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Sunday
Jul012018

ANIMAL WORLD

Stars: Li Yifeng, Michael Douglas, Zhou Dongyu, Cao Bingkun and Wang Ge.
Writer: Han Yan, based on the comic by Nobuyuki Fukumoto.
Director: Han Yan

Rating: 2/5

It is inconceivable that anyone might be pining for a film set in the bowels of a floating warehouse where dozens of desperate sweaty lowlifes take on a maths nerd in a high-stakes game of paper-rock-scissors, but here we are. Here, also, is Hollywood royalty Michael Douglas, who will most likely stay hidden behind the pile of cash he earned to play broad villainy when Animal World pops up in any career re-appraisal.

A Chinese-backed adaptation of Nobuyuki Fukumoto’s manga classic Ultimate Survivor Kaiji, writer/director Han Yan’s latest is a garish, cumbersome, piecemeal film. At different moments, it is a revved-up fantasy actioner, a grimy dystopian-world survival story, a lecture in statistical odds, and a big-screen spin on poker-machine graphics; it strives yet strains to be a convincing mash-up of Snowpiercer, Rainman and The Hunger Games. It fails on all fronts save some technical prowess, resulting in an aggressively pointless 140 minutes of misdirection and incoherence.

A likable Li Yifeng plays down-on-his-luck arcade-clown Zheng Kaisi, a morose figure falling worryingly behind on hospital payments that keep his comatose mother in care. During those moments when life deals him a bum hand, Kaisi disappears into a complex fantasy realm, the ‘Animal World’, where his clown character is a ninja-style assassin who can lay waste an entire train carriage of CGI-generated monsters. His psychic bond to the clown visage dates back to a childhood moment when his family home was raided and his father removed…all while a cartoon clown dispatched evildoers on the television.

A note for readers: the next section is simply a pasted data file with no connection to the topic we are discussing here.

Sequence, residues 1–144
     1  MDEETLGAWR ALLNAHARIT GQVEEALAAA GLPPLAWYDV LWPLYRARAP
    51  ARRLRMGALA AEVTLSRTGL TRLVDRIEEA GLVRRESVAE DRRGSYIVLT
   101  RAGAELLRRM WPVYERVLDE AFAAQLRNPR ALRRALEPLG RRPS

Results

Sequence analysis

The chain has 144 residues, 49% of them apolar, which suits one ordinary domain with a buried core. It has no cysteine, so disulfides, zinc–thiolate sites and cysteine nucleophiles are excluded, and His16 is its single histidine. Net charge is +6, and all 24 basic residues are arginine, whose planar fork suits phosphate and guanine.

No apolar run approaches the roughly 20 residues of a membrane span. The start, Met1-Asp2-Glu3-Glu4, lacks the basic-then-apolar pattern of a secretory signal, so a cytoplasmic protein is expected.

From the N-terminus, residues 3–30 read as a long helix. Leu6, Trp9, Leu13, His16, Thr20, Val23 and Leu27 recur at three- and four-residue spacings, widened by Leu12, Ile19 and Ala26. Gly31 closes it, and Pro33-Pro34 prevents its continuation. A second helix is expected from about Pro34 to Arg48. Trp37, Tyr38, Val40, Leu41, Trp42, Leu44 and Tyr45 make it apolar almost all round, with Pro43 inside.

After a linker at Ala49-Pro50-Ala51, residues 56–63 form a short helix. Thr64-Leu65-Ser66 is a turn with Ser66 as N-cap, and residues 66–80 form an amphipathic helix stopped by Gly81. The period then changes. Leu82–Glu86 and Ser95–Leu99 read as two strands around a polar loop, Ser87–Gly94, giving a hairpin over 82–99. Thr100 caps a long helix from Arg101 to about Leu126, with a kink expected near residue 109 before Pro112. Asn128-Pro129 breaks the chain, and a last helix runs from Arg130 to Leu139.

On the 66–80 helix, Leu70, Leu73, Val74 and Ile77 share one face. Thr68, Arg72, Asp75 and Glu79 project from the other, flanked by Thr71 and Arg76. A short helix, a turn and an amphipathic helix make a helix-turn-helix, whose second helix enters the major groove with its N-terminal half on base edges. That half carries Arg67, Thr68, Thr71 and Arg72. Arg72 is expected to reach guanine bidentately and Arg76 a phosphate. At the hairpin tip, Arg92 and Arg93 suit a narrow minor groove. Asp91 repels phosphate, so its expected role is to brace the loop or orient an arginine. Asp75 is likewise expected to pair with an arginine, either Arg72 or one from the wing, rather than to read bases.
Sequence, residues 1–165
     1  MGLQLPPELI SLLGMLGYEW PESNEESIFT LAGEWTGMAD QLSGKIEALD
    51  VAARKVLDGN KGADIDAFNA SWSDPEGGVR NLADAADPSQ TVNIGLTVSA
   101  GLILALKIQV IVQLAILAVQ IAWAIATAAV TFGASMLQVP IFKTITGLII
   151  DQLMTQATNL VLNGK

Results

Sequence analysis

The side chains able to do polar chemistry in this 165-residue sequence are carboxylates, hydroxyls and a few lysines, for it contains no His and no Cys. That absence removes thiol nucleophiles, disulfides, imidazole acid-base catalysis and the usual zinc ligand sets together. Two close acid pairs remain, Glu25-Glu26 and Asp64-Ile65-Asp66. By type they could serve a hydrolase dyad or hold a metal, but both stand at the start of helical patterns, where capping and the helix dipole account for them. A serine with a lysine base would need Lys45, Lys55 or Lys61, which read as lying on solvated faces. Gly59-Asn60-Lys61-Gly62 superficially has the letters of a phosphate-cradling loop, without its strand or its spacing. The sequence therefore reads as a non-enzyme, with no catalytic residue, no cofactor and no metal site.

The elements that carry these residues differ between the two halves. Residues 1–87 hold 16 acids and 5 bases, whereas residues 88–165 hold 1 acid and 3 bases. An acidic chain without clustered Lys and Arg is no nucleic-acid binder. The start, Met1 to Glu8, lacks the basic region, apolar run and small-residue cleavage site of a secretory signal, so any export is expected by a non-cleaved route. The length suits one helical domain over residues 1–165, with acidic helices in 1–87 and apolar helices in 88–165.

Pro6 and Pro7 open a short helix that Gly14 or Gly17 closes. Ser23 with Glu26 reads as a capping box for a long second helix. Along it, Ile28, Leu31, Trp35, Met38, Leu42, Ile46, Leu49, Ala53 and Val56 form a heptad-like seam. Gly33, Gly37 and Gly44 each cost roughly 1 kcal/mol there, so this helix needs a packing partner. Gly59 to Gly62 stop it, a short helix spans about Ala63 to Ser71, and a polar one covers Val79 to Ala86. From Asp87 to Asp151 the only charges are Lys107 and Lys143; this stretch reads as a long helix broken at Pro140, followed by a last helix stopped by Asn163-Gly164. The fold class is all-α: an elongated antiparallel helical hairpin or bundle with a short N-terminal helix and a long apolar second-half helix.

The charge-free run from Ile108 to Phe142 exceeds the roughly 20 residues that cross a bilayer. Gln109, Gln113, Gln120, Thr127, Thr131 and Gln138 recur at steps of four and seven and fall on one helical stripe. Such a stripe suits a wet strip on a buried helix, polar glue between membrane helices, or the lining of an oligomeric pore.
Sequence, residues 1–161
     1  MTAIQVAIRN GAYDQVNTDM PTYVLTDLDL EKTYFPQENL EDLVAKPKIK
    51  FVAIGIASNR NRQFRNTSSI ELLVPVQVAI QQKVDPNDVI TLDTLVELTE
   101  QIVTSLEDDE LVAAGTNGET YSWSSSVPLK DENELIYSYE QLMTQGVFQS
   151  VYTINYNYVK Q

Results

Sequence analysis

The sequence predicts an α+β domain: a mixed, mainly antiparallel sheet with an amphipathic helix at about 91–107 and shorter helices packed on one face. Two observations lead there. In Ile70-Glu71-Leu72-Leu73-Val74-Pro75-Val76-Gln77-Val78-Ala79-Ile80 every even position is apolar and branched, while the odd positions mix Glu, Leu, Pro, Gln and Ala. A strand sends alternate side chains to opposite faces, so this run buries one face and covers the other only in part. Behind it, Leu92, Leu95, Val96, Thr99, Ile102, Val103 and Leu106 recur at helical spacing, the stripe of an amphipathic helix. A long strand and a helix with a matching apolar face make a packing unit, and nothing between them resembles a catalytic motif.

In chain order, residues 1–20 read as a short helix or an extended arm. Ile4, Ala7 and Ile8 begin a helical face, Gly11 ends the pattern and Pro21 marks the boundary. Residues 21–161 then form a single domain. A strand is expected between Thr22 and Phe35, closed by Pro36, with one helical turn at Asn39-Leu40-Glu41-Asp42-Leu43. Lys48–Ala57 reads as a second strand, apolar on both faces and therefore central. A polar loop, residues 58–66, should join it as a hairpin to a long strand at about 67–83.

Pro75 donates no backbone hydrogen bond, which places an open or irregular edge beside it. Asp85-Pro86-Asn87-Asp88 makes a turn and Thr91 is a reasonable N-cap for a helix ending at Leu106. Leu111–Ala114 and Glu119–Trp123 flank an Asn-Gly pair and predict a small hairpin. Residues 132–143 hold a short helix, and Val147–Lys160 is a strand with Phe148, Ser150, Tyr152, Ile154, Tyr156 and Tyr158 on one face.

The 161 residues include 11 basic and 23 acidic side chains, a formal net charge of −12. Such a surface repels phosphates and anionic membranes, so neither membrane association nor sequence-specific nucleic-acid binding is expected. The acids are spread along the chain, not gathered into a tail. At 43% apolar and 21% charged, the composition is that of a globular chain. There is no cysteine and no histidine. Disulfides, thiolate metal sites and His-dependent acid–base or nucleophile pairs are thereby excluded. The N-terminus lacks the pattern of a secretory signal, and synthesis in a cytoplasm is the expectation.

With no means to cover hospital costs and having been swindled out of his family’s property assets by backstabbing childhood friend Li Jun (Cao Bingkun), Kaisi is left with no options when Douglas’ silver-haired, cold-blooded boss-man comes calling. He is soon aboard a sort of steam-punk freighter/industrialized cruise ship called ‘Destiny’, one of dozens of men who must collect brass stars and offload cards in a game-show-meets-Vegas version of paper-rock-scissors.

Conceptually, there exists the potential for a twisty, heist-like narrative energy as Kaisi’s beautiful mind starts working the different angles that will win him the ultimate goal – freedom from Destiny and a debt-free existence. But director Yan employs low-rent graphics to explain Kaisi’s in-depth analysis of how to beat the house; the 80-minute mid-section of Animal World is a series of interminable and utterly confounding sequences in which the cards that symbolize the three game options dance about cinematographer Max Da-Yung Wang’s otherwise handsomely filled widescreen.  

The heavily circulated trailer for the film promised a pulsating action-fantasy epic, with lashings of Deadpool-type irreverence, that never materialises. The train-carriage monster slaughter (which recalls better moments from the Men in Black films) and an admittedly terrific car chase all take place in the head of the protagonist; they represent nothing more than showy CGI bluster. Not for the first time but perhaps never quite so egregiously, a trailer has ‘buried the lead’ – Animal World is the Paper-Rock-and-Scissors wannabe-blockbuster that absolutely no one ever asked for. That unofficial fourth option the desperate PRS player calls upon– dynamite – would have come in handy.

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